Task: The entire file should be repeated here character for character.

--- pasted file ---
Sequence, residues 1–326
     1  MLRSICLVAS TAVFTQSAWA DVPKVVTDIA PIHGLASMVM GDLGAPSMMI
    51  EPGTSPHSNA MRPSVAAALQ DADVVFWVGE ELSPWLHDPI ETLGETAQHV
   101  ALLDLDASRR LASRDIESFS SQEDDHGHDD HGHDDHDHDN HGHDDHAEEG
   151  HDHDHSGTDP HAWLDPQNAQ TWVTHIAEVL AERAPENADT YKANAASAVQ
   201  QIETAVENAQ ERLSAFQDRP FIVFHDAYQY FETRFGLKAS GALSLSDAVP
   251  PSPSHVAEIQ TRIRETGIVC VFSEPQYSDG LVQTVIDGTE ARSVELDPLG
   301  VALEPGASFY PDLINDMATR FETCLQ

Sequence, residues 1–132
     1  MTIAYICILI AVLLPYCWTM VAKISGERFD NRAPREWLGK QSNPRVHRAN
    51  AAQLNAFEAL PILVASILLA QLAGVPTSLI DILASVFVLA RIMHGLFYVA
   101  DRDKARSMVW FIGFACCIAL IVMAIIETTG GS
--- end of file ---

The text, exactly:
Sequence, residues 1–326
     1  MLRSICLVAS TAVFTQSAWA DVPKVVTDIA PIHGLASMVM GDLGAPSMMI
    51  EPGTSPHSNA MRPSVAAALQ DADVVFWVGE ELSPWLHDPI ETLGETAQHV
   101  ALLDLDASRR LASRDIESFS SQEDDHGHDD HGHDDHDHDN HGHDDHAEEG
   151  HDHDHSGTDP HAWLDPQNAQ TWVTHIAEVL AERAPENADT YKANAASAVQ
   201  QIETAVENAQ ERLSAFQDRP FIVFHDAYQY FETRFGLKAS GALSLSDAVP
   251  PSPSHVAEIQ TRIRETGIVC VFSEPQYSDG LVQTVIDGTE ARSVELDPLG
   301  VALEPGASFY PDLINDMATR FETCLQ

Sequence, residues 1–132
     1  MTIAYICILI AVLLPYCWTM VAKISGERFD NRAPREWLGK QSNPRVHRAN
    51  AAQLNAFEAL PILVASILLA QLAGVPTSLI DILASVFVLA RIMHGLFYVA
   101  DRDKARSMVW FIGFACCIAL IVMAIIETTG GS